Why Is Hydration Important in a Triathlon?
by Katie Elliott
Ed. note—Katie Elliott graced these pages a few months back, with her helpful look at recovery techniques through a nutrition lens. She is back for a more tactical approach, demystifying the evergreen topic of hydration in endurance sports. If you'd like to hear more from her and other women in the endurance and triathlon space, check out the Women.Thrive Symposium, which comes up in the next few weeks.
It’s summertime. Training and virtual racing are in full swing and temperatures are increasing in many parts of the world. During this patch of increased activity, you've found the perfect opportunity to fine tune your hydration strategy so that you aren’t leaving performance on the table. Before I jump into testing and figuring out your individual hydration needs, however, let’s start with everybody's favorite: a little science.
Why is Hydration Important in Endurance Sports?
In short, staving off a reduction in performance. Proper hydration from a combination of fluid and electrolytes prevents performance declines and preserves health. The American College of Sports Medicine (ACSM) states that as little as a 2% loss of body water through sweating may negatively impact athletic capacity. This reduction happens because your body has to work harder due to decreases in blood pressure alongside increases in core temperature and heart rate when you are dehydrated. When these physiological changes happen, you get tired, everything seems harder, and your performance capacity drops. Muscle cramping is also associated with both dehydration and electrolyte deficits, which can certainly put a damper on your race.
From a health standpoint, a dehydrated athlete can experience negative consequences like headaches, nausea, and vomiting. More serious consequences include heat exhaustion and heat stroke. In addition, dehydration increases the likelihood of kidney failure in exertion-related rhabdomyolysis. Perhaps the most serious of all of the health consequences associated with hydration is hyponatremia. Simply put, hyponatremia happens when there is too much fluid ingested and not enough electrolytes. This can result in brain swelling, pulmonary edema, and death. You might be thinking that the health consequences I just mentioned are pretty rare. Sadly, they are not statistical anomalies or scare scenarios. A study by Danz et. al. found that 10.6% of triathletes in the Ironman European Championships suffered from hyponatremia. The authors also cited a previous study on marathon runners in which 12-13% of finishers experienced hyponatremia.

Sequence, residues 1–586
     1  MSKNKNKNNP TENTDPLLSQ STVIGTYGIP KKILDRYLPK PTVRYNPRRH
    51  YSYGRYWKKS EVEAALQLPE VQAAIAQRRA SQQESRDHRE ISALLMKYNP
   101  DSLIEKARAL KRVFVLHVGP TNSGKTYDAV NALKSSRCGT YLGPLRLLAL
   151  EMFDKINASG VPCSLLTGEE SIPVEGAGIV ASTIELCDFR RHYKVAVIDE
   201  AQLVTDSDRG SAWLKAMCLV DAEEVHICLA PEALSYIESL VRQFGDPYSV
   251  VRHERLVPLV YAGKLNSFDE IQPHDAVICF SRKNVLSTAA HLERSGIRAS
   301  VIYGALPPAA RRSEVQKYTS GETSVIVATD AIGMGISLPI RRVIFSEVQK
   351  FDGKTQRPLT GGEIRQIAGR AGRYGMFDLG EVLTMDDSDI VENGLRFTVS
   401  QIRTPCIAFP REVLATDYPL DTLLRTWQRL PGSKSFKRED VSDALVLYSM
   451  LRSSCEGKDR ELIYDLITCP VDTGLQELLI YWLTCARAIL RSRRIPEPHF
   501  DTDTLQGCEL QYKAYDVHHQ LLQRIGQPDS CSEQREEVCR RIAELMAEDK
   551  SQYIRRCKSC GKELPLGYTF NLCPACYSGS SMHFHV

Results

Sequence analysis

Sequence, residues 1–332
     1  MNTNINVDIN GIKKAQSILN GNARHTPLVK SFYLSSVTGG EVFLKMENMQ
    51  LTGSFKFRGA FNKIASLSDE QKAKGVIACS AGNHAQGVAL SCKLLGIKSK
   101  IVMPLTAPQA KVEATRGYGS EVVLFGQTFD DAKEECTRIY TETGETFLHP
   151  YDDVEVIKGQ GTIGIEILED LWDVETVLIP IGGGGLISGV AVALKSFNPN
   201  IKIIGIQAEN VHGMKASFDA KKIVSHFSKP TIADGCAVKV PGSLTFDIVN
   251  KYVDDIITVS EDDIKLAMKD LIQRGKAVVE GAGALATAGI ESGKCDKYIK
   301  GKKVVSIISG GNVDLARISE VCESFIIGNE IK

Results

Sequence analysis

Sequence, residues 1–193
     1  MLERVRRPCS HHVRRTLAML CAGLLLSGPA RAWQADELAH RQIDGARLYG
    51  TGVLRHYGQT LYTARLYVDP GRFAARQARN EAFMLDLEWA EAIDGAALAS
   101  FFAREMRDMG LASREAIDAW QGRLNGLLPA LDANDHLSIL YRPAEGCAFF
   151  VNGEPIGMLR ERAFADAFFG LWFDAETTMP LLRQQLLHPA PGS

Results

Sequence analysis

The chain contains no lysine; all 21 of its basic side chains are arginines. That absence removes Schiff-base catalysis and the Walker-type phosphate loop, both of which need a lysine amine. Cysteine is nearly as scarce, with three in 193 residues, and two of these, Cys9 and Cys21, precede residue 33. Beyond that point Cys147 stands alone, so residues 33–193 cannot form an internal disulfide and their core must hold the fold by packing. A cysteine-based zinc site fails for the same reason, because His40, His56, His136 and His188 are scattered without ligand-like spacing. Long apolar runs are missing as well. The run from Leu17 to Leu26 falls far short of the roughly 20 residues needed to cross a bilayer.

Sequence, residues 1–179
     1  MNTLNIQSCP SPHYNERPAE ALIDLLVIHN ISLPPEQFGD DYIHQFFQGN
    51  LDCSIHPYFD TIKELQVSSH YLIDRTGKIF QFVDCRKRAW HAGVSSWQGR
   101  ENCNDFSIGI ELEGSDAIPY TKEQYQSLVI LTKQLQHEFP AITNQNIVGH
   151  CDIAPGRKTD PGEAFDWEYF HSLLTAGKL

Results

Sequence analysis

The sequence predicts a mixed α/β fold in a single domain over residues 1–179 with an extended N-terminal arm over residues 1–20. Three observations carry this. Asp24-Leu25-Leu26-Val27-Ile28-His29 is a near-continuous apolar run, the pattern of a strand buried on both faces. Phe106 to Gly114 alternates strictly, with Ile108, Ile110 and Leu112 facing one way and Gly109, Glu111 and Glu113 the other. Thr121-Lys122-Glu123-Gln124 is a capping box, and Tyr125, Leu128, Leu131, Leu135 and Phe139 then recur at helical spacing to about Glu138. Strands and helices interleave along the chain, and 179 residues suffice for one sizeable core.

Didn't we just suggest that you need to avoid dehydration, though? Yeah, we understand the possible confusion. Note that hyponatremia is both too much fluid and not enough electrolyte—athletes who drink only water (and lots of it) and don't include salt or other electrolytes in their bottles.
Hydration is not a One-Size-Fits-All Equation
Another important concept to understand is that different athletes sweat differently. Athletes vary in sweat lost per hour during exercise (sweat rate) and amounts of electrolytes lost per liter of sweat (sweat concentration). The ACSM position paper on electrolyte and fluid replacement shows sweat rates ranging from .5 liters/hour to 2.5 l/hr in athletes participating in a wide range of sports. Other studies have shown that sweat sodium concentration among athletes ranges from 200mg per liter sweat lost to 2200mg per liter of sweat lost. A ten-fold difference!
Here is some math to further illustrate the need for individualization:
low sweat rate of .55 liters lost per hour of exercise at sub-threshold intensity, low sweat sodium concentration of 240 milligrams lost per liter sweat
Total sodium losses over a five-hour event: 660 mg sodium lost
average sweat rate of 1 liter lost per hour of exercise at sub-threshold intensity, medium sweat sodium concentration of 900 milligrams lost per liter of sweat.
TOTAL sodium losses over a five-hour event: 4,500 mg sodium lost
very high sweat rate of 2.5 liters lost per hour of exercise at sub-threshold intensity, very high sweat sodium concentration of 1610 milligrams lost per liter of sweat.
TOTAL sodium losses over a 5-hour event: 20,125 mg sodium lost in a five-hour event
Sweat Rate Testing